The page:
The close-knit residential community at UWC ISAK Japan does not just consist of staff, students and faculty, but also their families! The youngest members of our community are a special part of the UWC ISAK family!
When school lets out in the afternoon, students often find ways to say hello or stop and play with the little ones who always seem to be more than happy to iteract with their big brothers and sisters. Faculty meetings are also brightened up when a surprise visitor arrives from daycare.
For Mrs. Earwood, who will be expecting her first child in February, seeing how children are such an integral part of the entire community is of great comfort and support to her. Initially, she was worried about navigating her pregnancy in a country where she did not speak the language, but she soon found that the local staff were more than happy to help with booking hospital appointments and translating, while students would often ask after her and help to carry items.
“The community is always interested to find out how the baby is developing and excited about her arrival, which makes us even more excited. Our baby has received prayer flags and other blessings from students from many different cultural backgrounds. She will be very lucky to be surrounded by such a diverse and caring group!”
– Mrs. Earwood, Residential Life
Raising children here has proven to be both an interesting and rewarding experience for a few of our faculty. Mr. Sgarbossa described it as a ‘great adventure’ because their son, Filippo, gets exposed to so many cultures, and gets to hear Japanese, Italian and English on a daily basis. He shared that at times, it was challenging because neither he nor Ms. Corrias is Japanese, and being the first couple in the community in this situation, they had to learn (and are still learning) how to navigate the system. Yet, this was all made easier, he explained, by the many people in the community who were happy and willing to help, and he is thankful for them.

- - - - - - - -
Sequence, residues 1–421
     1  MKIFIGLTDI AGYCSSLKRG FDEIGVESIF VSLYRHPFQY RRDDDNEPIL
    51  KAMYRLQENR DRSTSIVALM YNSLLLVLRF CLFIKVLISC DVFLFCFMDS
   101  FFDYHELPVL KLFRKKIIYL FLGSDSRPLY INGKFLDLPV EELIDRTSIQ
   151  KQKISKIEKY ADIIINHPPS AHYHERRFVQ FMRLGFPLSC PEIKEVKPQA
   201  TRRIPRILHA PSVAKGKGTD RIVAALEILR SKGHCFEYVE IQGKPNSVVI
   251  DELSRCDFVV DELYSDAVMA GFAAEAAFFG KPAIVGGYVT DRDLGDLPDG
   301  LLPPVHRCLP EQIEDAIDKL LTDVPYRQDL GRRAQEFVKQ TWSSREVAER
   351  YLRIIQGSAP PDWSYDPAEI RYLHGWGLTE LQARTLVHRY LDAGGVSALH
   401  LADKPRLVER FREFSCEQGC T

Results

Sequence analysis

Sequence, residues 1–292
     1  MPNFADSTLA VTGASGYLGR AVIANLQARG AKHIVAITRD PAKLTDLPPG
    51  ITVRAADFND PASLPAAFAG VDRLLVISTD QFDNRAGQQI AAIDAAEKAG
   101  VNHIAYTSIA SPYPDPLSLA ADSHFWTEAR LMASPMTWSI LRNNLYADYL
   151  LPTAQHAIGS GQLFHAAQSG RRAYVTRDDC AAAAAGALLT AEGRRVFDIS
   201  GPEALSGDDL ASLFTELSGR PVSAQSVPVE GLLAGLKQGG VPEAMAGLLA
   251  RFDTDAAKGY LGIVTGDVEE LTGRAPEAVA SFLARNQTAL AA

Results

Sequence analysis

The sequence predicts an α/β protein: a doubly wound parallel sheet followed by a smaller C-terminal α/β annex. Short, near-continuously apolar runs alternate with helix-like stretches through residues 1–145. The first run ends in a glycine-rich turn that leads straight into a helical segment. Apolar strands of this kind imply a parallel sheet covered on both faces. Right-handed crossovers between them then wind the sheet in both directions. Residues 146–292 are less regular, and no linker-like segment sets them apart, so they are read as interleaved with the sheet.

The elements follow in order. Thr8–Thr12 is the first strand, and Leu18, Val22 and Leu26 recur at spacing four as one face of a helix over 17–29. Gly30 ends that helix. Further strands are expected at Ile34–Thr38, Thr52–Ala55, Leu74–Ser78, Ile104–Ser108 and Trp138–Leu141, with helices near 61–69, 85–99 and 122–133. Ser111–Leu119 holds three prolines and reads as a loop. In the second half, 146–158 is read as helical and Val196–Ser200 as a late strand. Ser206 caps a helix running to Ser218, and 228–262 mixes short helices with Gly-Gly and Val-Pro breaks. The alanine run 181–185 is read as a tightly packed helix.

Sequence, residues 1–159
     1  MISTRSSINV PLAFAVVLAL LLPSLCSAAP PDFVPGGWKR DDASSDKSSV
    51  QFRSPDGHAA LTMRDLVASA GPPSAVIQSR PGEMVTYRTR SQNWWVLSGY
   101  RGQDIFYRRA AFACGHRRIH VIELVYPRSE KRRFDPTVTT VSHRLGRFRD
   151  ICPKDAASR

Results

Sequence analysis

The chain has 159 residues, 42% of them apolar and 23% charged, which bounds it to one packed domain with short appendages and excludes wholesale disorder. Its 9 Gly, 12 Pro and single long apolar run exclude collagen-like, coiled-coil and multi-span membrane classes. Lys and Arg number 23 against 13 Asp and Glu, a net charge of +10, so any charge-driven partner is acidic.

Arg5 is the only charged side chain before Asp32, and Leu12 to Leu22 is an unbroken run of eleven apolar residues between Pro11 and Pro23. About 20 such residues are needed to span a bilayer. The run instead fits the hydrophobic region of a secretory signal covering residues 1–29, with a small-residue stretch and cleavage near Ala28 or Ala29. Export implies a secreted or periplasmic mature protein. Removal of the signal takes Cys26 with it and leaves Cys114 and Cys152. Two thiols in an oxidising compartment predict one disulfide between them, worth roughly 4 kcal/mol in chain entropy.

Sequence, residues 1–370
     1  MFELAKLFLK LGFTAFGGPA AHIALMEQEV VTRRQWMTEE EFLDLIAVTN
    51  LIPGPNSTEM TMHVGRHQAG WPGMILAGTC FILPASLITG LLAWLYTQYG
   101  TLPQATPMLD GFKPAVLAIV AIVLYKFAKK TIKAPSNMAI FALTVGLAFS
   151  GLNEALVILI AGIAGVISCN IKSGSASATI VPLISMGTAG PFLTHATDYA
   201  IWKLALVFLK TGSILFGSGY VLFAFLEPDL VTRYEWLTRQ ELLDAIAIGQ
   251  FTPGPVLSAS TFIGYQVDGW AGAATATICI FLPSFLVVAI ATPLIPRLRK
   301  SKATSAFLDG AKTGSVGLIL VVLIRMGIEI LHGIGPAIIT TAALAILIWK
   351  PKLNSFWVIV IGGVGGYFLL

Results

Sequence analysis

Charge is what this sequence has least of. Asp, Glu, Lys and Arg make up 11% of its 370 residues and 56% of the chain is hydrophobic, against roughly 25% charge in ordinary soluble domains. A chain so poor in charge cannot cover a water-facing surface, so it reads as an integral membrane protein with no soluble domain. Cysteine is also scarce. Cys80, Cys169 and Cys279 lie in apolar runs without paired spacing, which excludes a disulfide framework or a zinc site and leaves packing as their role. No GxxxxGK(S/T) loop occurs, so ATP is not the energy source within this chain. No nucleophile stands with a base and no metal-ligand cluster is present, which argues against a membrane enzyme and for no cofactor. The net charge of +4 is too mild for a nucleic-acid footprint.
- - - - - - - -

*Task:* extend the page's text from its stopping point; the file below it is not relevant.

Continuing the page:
“We feel the students on campus are like older brothers and sisters for Filippo, they enjoy interacting with him, and we hope they will also serve as role models for him. One fun fact in the context of the larger Karuizawa community is that when we go out, a lot of people we don’t know greet Filippo and call him by name (perhaps this is because he is one of the few foreign kids and the only blondie at his daycare)!”
– Mr. Sgarbossa, English faculty member
Similarly, Mr. Goodwin found that raising his twins here has been beneficial for them. He explained that when Noah and Zoya first arrived on campus, they were rather shy, but after spending time around all of the students, they began to interact more. Now, they can often be seen going on walks and happily meeting their big brothers and sisters! He also shared that having their own children involved in advisory has been incredibly helpful in creating a family atmosphere for the students.
“Having kids around is very refreshing. It is not unusual to get caught up in routine, work and obligations, and seeing kids laughing and playing around generate small moments of joy and happiness!”
– Angeles (Class of 2018, Venezuela)